I was there when St. Peter Chanel High School in Bedford, Ohio, was born—I was in the school’s second graduating class in 1962—and now it looks as if I’m around when the school dies later this year. When I attended, it was called simply Chanel High School and was run by priests of the Society of Mary (Marists, not Marianists).
My four years there were largely happy ones, even though the brain tumor that was to come to a crisis later on was already causing frequent severe frontal headaches. My teachers were excellent, particularly the priests who gave me the best background in high school English it was possible to receive anywhere. My teachers were, in order, Fathers Gerard Hageman, Raymond E. Healy, Alan Parker, and Edward Murray.
Back then, Chanel was strictly a boys’ school, with girls being admitted much later, probably when the school was taken over by the Catholic Archdiocese of Cleveland, which changed its name to St. Peter Chanel, after the 19th century Marist martyr of Polynesia after whom the school was named.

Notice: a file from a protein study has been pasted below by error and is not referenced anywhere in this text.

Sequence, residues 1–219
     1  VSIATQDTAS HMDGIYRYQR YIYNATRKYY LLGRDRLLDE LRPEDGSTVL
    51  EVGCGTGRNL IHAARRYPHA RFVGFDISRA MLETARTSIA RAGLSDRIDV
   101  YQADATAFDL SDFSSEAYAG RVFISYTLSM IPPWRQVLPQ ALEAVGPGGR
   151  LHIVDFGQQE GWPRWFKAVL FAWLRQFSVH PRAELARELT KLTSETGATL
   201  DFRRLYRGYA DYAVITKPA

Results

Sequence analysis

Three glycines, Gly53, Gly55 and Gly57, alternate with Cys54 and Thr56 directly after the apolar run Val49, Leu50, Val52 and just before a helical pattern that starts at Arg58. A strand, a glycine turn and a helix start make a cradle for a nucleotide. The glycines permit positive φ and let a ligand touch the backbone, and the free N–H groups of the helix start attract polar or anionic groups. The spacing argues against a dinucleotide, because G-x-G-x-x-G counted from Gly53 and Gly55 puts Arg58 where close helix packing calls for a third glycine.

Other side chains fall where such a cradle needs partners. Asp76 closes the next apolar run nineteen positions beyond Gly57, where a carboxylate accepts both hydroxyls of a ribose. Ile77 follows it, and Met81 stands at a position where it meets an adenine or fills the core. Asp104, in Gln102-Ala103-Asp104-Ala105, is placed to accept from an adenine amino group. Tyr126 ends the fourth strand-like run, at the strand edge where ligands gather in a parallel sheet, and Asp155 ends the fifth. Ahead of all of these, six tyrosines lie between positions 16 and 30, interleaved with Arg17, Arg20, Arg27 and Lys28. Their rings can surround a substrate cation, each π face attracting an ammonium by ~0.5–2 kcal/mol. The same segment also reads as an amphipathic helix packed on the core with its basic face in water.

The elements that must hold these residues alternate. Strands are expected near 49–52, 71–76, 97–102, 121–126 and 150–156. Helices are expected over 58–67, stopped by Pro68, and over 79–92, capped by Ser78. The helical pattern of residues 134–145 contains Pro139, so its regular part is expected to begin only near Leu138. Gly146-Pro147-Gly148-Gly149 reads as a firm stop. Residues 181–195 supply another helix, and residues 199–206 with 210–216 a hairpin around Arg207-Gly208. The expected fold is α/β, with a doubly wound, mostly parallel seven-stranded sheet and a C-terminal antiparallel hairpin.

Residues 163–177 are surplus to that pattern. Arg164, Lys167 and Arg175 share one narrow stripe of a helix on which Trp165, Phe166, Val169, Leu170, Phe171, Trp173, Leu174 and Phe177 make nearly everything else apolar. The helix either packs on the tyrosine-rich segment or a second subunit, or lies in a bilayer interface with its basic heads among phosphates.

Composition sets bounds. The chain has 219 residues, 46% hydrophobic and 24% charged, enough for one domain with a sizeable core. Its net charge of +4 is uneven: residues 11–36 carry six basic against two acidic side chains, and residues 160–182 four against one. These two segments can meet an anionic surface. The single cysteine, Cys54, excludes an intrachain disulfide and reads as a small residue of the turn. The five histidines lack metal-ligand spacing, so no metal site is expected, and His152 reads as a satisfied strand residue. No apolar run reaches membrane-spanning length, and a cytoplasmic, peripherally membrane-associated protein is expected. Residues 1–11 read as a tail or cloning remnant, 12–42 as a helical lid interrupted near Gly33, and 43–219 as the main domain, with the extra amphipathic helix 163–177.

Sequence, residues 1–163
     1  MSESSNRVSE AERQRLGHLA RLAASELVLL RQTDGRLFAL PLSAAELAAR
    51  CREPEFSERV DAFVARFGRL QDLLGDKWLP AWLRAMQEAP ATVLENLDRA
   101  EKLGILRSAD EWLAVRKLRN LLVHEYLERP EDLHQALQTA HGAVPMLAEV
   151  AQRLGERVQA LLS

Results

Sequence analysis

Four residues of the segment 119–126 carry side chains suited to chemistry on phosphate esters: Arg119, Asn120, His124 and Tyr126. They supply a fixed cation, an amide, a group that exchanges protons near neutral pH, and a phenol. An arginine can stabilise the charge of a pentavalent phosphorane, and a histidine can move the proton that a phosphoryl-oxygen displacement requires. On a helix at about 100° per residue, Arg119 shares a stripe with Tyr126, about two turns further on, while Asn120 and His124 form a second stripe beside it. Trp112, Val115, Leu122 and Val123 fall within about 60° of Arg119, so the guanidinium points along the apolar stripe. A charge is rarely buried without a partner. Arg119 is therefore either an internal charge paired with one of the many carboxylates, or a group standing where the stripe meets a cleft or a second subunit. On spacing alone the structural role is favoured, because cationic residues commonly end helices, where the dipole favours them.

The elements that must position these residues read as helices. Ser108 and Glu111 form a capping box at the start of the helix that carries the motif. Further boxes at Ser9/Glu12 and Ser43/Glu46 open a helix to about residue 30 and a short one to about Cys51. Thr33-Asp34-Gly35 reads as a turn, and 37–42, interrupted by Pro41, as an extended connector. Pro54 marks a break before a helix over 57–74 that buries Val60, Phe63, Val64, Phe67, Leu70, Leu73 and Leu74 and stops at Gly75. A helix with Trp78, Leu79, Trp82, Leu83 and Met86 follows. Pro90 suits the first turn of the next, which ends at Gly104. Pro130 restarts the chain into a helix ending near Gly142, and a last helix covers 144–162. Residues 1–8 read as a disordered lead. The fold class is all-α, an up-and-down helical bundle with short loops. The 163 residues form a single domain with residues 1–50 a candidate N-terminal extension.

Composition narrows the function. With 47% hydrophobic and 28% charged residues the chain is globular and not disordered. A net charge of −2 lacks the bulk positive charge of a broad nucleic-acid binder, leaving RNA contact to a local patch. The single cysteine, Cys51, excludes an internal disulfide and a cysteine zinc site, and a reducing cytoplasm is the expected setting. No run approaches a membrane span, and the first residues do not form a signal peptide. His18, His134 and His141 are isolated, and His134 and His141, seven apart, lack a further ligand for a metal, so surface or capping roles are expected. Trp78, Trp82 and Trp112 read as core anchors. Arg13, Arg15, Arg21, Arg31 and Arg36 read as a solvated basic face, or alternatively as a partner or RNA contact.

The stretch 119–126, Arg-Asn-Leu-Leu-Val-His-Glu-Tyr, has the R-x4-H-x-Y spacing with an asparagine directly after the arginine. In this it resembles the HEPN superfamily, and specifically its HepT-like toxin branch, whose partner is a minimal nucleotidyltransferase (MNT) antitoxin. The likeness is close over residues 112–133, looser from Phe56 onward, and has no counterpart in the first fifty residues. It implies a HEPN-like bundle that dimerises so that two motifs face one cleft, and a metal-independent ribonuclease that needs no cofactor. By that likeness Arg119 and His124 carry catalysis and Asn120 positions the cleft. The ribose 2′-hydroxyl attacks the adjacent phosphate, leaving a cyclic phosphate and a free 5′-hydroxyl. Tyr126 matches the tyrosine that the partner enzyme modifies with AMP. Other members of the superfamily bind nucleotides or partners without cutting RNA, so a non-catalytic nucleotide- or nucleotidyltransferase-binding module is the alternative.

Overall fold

In recent years, the enrollment has plummeted, with only 54 students enrolling for the current ninth-grade class.
I feel a great sadness about the school’s passing, because now I will never to be able to indulge in my fantasy of coming to the school’s aid with my millions. (Who am I kidding?) I feel I owe a debt to the good men who taught me—dedicated, smart, and devout men who gave their lives to God and to an ideal of education that seems to be passing away before our eyes. Who is that dedicated today? Few, very few. And those that are are under constant attack by Conservatives who back a misguided goal of home schooling by idiots.
Okay, Jim, so you’re a dinosaur. It is your sad role to note the passing of things that meant a great deal to you, while so many contemporary phenomena leave you cold. All those girls in jeggings and boots with their smart phones. All that cacophonous pop music. Television. Celebrities. Will you kids get off my lawn before I call the police!